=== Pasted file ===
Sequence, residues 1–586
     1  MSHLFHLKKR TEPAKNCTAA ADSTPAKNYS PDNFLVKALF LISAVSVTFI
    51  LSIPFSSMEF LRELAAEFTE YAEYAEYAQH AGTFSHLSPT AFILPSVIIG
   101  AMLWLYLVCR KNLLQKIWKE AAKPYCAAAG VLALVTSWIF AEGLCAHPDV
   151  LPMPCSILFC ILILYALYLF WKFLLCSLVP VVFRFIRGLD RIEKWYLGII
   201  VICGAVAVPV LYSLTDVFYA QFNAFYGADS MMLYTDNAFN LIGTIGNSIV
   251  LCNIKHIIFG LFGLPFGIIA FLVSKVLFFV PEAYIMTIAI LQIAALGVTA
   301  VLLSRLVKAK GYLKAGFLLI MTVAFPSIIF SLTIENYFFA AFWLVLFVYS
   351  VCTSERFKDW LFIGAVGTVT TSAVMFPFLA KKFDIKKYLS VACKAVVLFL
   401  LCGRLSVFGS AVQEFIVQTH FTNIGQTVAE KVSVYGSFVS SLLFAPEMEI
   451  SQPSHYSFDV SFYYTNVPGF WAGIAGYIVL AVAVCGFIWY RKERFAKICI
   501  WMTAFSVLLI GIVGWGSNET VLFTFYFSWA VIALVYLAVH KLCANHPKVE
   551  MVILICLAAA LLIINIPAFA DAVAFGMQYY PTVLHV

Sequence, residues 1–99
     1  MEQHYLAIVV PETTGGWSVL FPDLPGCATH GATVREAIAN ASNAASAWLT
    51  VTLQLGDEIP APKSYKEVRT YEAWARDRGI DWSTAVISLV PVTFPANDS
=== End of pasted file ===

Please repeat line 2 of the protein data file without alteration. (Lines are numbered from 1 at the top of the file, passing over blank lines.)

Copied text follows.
     1  MSHLFHLKKR TEPAKNCTAA ADSTPAKNYS PDNFLVKALF LISAVSVTFI